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Editorial: Don’t let suspected terrorists buy guns and explosives

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In a triumph of law enforcement and counterterrorism that narrowly prevented disaster, the events at Times Square last week renewed the national focus on the threat of terrorism. With another danger averted and nearly a decade without a domestic attack, the timing would seem ripe for proponents of America’s forceful antiterrorism policies to be trumpeting their successes. But instead, a funny thing happened in Congress last week: Republicans developed a sudden concern for the rights of suspected terrorists.

The right in question was that of the second amendment, the right to bear arms. When confronted by Senator Frank Lautenberg’s proposed legislation that would prevent those on the terrorist watch list from buying guns and explosives, members of Congress and advocacy groups jumped to the defense of due process and individual freedoms. Our identification of suspected terrorists is not perfect, they reasoned, so their rights should not be infringed.

But this line of reasoning flies in the face of everything these same politicians have spent the last decade fighting for in the name of national security. People deemed “suspected” terrorists have already been wiretapped without a warrant from a real judge, detained indefinitely without trial at Guantanamo Bay, waterboarded and subjected to various other harsh torture techniques and denied Miranda rights. Their fourth, fifth, sixth, seventh and eighth amendment rights have been obliterated, but somehow the second amendment has remained sacred. Given the unmistakable danger of legally handing explosives to suspected terrorists, we find this glaring hypocrisy to be unconscionable.

The Editorial Board supports Senator Lautenberg’s measure and hopes that reasonable steps are taken to assure that suspected terrorists cannot legally purchase dangerous weaponry. Laws involving conflict between liberty and safety always involve drawbacks and indeed, we would oppose many measures like the ones listed above. But with the safety benefits of this policy so palpable and the infringement on freedom relatively marginal, this ought to be an easy call.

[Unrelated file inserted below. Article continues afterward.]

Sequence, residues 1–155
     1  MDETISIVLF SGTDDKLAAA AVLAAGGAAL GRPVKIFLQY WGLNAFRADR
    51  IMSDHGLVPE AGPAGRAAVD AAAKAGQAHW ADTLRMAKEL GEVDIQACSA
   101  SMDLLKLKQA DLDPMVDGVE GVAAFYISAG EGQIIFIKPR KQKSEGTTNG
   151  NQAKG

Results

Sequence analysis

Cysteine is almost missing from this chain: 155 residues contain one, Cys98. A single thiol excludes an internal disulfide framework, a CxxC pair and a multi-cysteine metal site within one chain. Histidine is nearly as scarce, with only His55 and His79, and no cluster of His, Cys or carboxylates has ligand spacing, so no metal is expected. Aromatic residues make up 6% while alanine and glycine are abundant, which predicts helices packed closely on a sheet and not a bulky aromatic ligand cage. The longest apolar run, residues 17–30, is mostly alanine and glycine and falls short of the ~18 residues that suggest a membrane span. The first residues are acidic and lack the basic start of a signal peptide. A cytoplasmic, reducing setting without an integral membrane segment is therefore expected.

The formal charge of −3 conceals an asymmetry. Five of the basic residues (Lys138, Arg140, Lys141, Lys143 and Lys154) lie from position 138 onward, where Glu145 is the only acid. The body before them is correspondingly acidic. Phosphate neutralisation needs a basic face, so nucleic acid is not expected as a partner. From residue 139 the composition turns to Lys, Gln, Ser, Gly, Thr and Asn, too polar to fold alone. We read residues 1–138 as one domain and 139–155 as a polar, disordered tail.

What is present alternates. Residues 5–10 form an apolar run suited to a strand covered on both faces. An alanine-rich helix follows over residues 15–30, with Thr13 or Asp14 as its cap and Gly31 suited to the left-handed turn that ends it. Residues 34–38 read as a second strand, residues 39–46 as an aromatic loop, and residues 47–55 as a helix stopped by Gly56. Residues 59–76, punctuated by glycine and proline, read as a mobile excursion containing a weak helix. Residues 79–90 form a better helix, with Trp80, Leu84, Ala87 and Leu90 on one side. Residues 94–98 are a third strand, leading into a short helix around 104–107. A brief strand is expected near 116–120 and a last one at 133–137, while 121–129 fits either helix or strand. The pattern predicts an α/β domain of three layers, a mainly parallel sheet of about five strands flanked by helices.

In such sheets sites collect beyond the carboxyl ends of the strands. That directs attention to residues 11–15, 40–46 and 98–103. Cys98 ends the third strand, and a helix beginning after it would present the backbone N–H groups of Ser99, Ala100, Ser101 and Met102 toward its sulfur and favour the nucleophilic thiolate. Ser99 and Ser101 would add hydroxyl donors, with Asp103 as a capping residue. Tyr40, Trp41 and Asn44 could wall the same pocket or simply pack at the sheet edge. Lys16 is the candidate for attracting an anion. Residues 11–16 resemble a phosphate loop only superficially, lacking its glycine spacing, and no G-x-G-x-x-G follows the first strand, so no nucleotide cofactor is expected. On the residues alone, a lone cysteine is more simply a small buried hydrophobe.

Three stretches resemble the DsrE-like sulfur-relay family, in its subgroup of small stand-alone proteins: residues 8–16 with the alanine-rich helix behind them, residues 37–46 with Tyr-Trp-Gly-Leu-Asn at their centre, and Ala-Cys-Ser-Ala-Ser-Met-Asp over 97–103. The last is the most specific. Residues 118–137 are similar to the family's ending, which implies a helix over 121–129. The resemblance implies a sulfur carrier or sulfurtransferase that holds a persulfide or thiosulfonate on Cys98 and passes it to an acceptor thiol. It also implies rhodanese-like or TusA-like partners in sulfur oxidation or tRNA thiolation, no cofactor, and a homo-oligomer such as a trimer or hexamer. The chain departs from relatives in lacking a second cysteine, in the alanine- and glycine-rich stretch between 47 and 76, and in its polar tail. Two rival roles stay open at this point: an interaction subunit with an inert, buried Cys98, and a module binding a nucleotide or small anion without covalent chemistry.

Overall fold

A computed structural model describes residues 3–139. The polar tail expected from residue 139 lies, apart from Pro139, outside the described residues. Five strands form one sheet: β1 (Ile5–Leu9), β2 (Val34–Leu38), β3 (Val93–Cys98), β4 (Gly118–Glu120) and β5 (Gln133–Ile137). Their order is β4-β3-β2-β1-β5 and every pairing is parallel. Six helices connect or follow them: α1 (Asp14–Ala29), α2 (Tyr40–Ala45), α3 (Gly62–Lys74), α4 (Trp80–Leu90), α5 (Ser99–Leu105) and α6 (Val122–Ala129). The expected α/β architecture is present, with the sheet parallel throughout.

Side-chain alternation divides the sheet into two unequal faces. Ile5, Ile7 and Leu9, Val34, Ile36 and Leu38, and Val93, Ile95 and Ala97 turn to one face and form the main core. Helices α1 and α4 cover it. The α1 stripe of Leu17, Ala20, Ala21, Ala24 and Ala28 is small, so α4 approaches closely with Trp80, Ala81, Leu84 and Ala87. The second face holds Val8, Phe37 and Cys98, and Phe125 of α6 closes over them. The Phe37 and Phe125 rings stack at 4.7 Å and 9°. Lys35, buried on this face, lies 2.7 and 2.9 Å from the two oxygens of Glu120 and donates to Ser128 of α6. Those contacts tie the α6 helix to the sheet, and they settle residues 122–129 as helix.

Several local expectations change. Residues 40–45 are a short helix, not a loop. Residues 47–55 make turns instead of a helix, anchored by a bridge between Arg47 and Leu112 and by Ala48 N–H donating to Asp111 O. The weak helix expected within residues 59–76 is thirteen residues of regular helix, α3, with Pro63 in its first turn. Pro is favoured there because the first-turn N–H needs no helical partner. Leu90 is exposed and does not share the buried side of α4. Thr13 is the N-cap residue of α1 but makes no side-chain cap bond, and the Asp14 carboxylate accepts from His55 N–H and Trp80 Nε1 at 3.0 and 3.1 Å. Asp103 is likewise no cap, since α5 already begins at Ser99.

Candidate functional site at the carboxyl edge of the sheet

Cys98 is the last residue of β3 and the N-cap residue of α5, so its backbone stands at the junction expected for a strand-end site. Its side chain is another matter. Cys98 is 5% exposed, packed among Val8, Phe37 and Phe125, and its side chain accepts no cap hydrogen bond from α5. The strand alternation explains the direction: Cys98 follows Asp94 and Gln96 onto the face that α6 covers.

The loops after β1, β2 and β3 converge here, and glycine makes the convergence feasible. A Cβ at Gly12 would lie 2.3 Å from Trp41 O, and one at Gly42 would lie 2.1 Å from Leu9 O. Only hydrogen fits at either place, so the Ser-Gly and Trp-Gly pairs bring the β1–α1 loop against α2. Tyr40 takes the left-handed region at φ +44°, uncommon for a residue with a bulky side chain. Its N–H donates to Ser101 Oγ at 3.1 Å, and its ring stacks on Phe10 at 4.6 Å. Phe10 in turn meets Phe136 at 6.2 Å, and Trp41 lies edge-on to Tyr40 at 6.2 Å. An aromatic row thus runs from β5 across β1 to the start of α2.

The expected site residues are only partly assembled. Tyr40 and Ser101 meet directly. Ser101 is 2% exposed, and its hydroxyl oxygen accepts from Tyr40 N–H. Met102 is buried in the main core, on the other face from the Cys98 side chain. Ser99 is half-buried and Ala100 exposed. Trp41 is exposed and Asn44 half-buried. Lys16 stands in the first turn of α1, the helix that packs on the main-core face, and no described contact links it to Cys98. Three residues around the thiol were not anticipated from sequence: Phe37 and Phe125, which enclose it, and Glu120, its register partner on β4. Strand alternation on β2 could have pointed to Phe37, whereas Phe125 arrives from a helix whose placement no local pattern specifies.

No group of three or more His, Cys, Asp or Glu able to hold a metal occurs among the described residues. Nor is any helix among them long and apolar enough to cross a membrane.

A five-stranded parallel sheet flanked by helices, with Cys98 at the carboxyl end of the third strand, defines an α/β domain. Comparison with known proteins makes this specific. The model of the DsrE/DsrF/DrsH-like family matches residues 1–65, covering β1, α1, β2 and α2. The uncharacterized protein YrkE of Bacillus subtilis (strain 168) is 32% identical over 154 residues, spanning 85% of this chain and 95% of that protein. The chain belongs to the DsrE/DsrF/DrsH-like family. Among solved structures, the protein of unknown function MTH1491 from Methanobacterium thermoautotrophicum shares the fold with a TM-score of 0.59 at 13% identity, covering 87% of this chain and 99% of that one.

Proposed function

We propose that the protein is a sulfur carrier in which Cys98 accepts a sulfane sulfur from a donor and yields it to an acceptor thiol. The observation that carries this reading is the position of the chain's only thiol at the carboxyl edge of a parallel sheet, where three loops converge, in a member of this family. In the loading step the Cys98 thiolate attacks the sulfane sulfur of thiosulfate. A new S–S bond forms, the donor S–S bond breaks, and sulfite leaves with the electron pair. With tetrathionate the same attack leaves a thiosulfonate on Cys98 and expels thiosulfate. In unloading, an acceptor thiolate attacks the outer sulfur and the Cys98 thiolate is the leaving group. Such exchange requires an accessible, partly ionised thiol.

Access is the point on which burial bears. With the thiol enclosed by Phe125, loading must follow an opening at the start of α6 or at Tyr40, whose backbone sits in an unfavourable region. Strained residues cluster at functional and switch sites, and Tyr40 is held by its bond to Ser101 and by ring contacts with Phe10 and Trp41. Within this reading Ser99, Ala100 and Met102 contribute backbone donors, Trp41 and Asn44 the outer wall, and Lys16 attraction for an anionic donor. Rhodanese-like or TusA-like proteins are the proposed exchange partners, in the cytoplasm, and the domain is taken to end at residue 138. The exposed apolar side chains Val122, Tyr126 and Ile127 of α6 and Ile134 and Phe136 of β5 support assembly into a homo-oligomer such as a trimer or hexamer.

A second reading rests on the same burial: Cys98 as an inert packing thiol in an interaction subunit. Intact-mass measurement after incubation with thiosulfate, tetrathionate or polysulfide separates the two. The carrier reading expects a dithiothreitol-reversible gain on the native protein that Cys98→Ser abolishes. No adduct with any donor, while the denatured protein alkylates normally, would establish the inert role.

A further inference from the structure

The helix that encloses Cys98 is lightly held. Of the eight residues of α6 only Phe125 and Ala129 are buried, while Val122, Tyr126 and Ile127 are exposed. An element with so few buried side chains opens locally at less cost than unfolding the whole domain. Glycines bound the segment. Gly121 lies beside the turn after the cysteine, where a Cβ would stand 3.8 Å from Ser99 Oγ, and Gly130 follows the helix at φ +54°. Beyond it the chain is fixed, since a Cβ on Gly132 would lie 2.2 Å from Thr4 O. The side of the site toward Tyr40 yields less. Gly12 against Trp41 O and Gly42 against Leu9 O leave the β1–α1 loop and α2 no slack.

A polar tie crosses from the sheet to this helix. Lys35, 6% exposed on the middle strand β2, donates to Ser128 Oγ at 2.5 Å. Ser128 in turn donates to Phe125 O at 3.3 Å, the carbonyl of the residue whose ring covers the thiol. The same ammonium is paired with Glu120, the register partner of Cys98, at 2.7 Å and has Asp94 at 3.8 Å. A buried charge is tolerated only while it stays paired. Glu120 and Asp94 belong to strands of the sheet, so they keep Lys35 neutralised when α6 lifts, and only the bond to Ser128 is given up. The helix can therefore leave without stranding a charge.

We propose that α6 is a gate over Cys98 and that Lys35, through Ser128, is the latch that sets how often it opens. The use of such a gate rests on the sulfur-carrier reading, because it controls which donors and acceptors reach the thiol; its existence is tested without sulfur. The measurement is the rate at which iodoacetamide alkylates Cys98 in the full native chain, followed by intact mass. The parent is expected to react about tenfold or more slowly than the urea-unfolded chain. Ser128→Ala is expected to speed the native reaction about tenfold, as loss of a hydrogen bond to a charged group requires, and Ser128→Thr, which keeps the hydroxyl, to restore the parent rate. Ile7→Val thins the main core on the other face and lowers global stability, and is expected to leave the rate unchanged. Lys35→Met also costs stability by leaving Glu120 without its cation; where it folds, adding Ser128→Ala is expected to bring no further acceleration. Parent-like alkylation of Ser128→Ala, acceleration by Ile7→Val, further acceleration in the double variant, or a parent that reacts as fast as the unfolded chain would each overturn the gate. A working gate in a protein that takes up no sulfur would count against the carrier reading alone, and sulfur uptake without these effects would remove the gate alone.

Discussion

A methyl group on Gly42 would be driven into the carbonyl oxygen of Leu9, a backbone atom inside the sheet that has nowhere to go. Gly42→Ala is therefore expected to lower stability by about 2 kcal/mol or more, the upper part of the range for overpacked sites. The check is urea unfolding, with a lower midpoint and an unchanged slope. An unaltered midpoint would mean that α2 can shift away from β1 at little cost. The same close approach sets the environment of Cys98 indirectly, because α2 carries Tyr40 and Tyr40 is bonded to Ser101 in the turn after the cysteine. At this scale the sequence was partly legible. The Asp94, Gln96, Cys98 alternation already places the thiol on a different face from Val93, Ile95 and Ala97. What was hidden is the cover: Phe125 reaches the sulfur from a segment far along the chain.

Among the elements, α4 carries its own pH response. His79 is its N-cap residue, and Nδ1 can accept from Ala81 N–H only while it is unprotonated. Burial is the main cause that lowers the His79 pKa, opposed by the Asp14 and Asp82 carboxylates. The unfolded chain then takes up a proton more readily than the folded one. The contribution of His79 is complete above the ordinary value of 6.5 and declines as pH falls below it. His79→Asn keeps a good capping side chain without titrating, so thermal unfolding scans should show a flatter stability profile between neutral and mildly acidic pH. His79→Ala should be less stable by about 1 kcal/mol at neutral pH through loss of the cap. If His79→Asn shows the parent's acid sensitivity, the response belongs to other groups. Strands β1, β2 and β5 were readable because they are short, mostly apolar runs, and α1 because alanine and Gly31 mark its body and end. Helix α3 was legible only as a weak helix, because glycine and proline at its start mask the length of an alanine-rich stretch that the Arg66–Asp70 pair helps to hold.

The speed with which this change can be enacted also holds paramount importance. Already, 1,119 suspected terrorists–including Times Square bomb suspect Faisal Shahzad–have legally purchased guns and up to 50 pounds of military-grade explosives. Every minute Congress waits on this piece of legislation increases the possibility, raised by Senator Joseph Lieberman, of heavy casualties that terrorists “with high-powered automatic weapons could inflict […] in seconds.”

One legitimate worry about this legislation stems from the erratic accountability of a terrorist watch list already responsible for numerous gaffes. But if that were truly the main concern of critics, the argument against banning weapons for those on the much more tightly-controlled “No-Fly List” becomes a lot more difficult. And yet, two of the three Republican candidates in California’s Senate primary argued that even those on the CIA’s exclusive list of about 2,500 people who are literally barred from boarding an aircraft in the United States should be given the freedom to buy an AK-47.

Where do these arguments come from? Once again, the enormous political influence of the NRA has driven politicians to support unbridled–rather than reasonable–access to guns. Opponents of gun control have painted themselves into a caricature by defending the lack of background checks at gun shows, the expiration of Bill Clinton’s assault weapons ban in 2004 and now this latest calamity. Nobody needs an AK-47 to defend himself–especially not a suspected terrorist.

Editorials represent the views of The Stanford Daily, an independent newspaper serving Stanford and the surrounding community. The Daily's Editorial Board consists of President and Editor-in-Chief Victor Xu '17, Executive Editor Will Ferrer '18, Managing Editor of Opinions Michael Gioia '17, Desk Editor of Opinions Jimmy Stephens '17, Senior Staff Writer Kylie Jue '17, Senior Staff Writer Olivia Hummer '17 and Senior Staff Writer Andrew Vogeley '17. To contact the Editorial Board chair, submit an op-ed (limited to 700 words) or submit a letter to the editor (limited to 500 words) at [email protected]